Thursday evening finds me on my way to Moab in deep contemplation of whether agreeing to join Derek and Noah for a multiday tower bagging expedition was a sane decision. Why these two accomplished desert hardmen want my companionship isn't completely clear, but a few days in the sand with such good company is hard to justify turning down. One way or another I'll claw my way up whatever monstrosities they decide to take on. When the climber in me fails, the peakbagger that remains is not ashamed to employ any means necessary to get to the top.
Sister Superior is the second most climbed tower in Castle Valley after Castleton. Jah Man, the classic five pitch summit route, boasts a variety of fun and well protected climbing including an excellent thin hand crack (females rejoice). It seems a strange choice for this pair of choss lovers, but apparently everyone loves a classic now and again.
The first two pitches are largely casual and easily combined. A few thoughtful 5.9 moves culminating with a throw to a heavily chalked but loose-as-shit looking jug lands Derek on a big ledge. Walking a bit right, he shoves himself into the P2 squeeze chimney. There is some great heal toe action once inside, and then it widens a bit and a small crack on the back wall offers good pro while squirming upward, back on one side and knees on the other.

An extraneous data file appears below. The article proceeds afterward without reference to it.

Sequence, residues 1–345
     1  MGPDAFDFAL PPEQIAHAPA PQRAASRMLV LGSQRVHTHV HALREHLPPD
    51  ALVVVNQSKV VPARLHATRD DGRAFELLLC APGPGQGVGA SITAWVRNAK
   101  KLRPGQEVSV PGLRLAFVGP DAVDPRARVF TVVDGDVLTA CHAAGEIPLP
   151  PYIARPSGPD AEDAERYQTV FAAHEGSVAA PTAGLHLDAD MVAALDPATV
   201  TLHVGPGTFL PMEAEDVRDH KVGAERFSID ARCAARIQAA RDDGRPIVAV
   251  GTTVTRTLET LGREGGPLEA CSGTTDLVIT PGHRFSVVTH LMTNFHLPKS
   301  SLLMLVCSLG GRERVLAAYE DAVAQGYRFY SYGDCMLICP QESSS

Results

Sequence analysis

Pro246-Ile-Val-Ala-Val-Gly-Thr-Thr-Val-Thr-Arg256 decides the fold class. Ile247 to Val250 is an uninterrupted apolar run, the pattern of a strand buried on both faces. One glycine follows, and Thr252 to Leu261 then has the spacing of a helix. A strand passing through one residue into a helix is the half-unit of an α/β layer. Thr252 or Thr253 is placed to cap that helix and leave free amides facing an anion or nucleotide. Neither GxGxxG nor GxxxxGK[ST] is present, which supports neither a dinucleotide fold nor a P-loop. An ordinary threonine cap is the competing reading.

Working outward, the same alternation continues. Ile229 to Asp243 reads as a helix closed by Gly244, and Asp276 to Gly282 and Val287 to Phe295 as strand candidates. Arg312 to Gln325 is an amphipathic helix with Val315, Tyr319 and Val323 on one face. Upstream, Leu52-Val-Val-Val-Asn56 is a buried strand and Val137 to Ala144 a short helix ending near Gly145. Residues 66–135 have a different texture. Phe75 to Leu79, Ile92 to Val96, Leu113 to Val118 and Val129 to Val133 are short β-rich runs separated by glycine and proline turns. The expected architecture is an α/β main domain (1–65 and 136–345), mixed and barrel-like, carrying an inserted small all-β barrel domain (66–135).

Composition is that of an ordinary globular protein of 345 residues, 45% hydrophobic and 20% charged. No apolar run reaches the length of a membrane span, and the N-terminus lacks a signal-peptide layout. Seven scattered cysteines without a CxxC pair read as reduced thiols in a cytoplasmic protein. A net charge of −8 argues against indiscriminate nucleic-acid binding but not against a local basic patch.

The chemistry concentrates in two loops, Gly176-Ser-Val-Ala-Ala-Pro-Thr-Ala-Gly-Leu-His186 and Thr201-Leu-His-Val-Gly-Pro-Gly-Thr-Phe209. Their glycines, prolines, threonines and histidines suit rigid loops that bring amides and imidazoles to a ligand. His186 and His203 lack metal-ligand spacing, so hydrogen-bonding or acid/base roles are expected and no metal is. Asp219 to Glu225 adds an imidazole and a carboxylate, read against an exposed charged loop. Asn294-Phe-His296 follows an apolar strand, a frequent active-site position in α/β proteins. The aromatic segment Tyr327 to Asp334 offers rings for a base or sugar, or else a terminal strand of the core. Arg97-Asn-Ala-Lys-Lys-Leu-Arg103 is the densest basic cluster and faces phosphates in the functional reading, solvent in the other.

We reconvene at a sizable but airy belay ledge and Noah begins tackling the crux pitch. A pumpy and hard to read 5.10+ traverse to the left requires a combination of crack and face climbing techniques and feels especially rough after the mostly blue collar introduction of the first two pitches. Noah impressively manages the on-sight and scampers up the remainder of the pitch which is no harder then 5.8.